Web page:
The disturbing impact of the Covid-19 pandemic on the burnout of doctors and nurses is a pressing topic of conversation in the healthcare community right now. Less discussed, but equally worrying, is the significant impact of the pandemic on the quality of care provided by hospitals. As hospitals have faced increases in demand, capacity constraints, labor shortages and staffing issues, the effect on quality measures has been significant.

Data from the Centers for Disease Control and Prevention (CDC) shows an increase in gaps in health equity, substance abuse and healthcare-associated infections such as ventilator-associated events, infections of catheter-associated urinary tract and increased MRSA (methicillin-resistant Staphylococcus aureus bacteremia), among other issues. These impacts on quality performance should be generalized in the future.

Impacts on quality performance have a direct impact on hospital finances. For example, in February 2022, the government published its list of penalized hospitals which it estimated did not meet the seal of approval for patient infections and preventable complications. The penalties, a 1% reduction in Medicare payments over 12 months, are based on the experiences of Medicare patients discharged from hospital between July 2018 and late 2019, just before the pandemic began.

As we emerge from this health crisis, quality improvement (QI) initiatives must become a strategic priority for most hospitals as they get back on their feet. Your financial viability depends on it. As hospitals reprioritize their quality improvement initiatives in a post-Covid-19 world, their focus is likely to be twofold: first, to assess whether the many changes being made rapidly during the pandemic need to be formalized, even expanded; and second, to resume or accelerate existing quality improvement efforts that were underway even before Covid-19.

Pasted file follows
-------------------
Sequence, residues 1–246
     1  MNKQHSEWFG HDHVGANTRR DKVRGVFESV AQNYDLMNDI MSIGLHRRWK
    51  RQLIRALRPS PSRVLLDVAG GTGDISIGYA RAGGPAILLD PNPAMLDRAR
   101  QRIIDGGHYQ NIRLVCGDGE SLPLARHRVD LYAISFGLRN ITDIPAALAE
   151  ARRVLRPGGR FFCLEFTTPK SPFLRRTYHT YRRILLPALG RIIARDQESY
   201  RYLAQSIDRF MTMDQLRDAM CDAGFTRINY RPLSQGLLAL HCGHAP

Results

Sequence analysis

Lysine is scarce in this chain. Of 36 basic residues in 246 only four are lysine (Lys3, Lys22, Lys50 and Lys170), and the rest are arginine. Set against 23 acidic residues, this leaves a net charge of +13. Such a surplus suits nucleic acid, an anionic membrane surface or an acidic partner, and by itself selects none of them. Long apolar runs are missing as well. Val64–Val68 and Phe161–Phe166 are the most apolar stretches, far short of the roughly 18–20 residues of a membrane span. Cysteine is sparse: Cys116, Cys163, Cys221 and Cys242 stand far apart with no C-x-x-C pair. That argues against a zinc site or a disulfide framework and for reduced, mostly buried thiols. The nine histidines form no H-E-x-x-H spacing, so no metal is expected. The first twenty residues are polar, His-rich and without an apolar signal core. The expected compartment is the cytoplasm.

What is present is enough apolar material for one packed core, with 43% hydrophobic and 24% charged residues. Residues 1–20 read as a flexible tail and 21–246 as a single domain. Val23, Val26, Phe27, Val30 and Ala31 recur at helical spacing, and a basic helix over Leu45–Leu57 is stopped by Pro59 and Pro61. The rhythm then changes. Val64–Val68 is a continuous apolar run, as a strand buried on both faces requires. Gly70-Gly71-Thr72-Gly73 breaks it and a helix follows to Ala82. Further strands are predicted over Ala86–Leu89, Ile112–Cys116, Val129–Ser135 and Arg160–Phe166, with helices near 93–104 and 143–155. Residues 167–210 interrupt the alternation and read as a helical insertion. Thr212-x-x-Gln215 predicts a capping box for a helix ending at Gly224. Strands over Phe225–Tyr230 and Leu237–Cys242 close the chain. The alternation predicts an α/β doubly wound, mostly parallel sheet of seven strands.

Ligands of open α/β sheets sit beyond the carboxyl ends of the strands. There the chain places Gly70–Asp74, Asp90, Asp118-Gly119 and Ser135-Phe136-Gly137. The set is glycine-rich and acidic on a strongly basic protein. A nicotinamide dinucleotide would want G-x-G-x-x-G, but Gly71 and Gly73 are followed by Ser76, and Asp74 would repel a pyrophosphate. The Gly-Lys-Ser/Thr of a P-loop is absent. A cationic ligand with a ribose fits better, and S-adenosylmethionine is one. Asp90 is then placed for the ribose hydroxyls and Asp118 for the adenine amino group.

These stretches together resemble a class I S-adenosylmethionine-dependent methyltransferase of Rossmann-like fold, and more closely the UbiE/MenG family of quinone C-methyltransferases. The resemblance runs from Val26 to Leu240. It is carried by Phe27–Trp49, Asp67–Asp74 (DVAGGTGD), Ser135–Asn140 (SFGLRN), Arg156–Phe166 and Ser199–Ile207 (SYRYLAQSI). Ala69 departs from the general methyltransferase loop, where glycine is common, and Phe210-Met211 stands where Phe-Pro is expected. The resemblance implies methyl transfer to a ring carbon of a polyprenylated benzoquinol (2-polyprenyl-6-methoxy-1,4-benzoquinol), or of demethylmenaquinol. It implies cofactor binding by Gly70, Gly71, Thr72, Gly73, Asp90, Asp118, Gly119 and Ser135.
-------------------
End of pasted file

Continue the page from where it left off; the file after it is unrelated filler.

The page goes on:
Given the urgency, hospitals cannot approach quality improvement as usual. Organizations must establish bold strategies and adopt innovative technologies that break down entrenched silos and enable rapid decision-making. It is important to note that quality improvement programs should not further burden staff, but rather support, guide and enhance the provider experience – a fundamental principle of the Quadruple Aim.

Five Principles of a QA Change Program

There is no one way to approach CI to ensure it is productive. But there are some fundamental principles that all healthcare organizations should keep in mind when designing a quality improvement program that is right for their context.

  1. Develop quality improvement action plans based on the best evidence.

Those who support quality improvement programs need to think and search through an evidence-based lens. A great use case is when an organization updates or revises its policies or procedures. The literature may show that there is insufficient evidence to support a proposed new guideline or policy.

There may also be better alternative tests that may trigger other approaches that may be more effective. Identifying evidence-based options can help you take action faster.

  1. Use technology to find the needle in the haystack.

Although CI initiatives should be evidence-based, it can be easy to get lost in the volume of literature. The amount of healthcare information published is staggering: some 2 million articles per year, by some estimates.

As in so many other areas of the hospital, technology can support how this work is done. Technology and natural language processing are now key to guiding a query through an evidence-based lens, directing users to next steps, and organizing volumes of literature into something that can be summarized and more easily processed immediately. .

  1. Recognize that CI programs cannot move forward without alignment.

While quality improvement programs can be driven at the departmental level, the most effective approaches are based on collaboration between clinical staff and health care workers.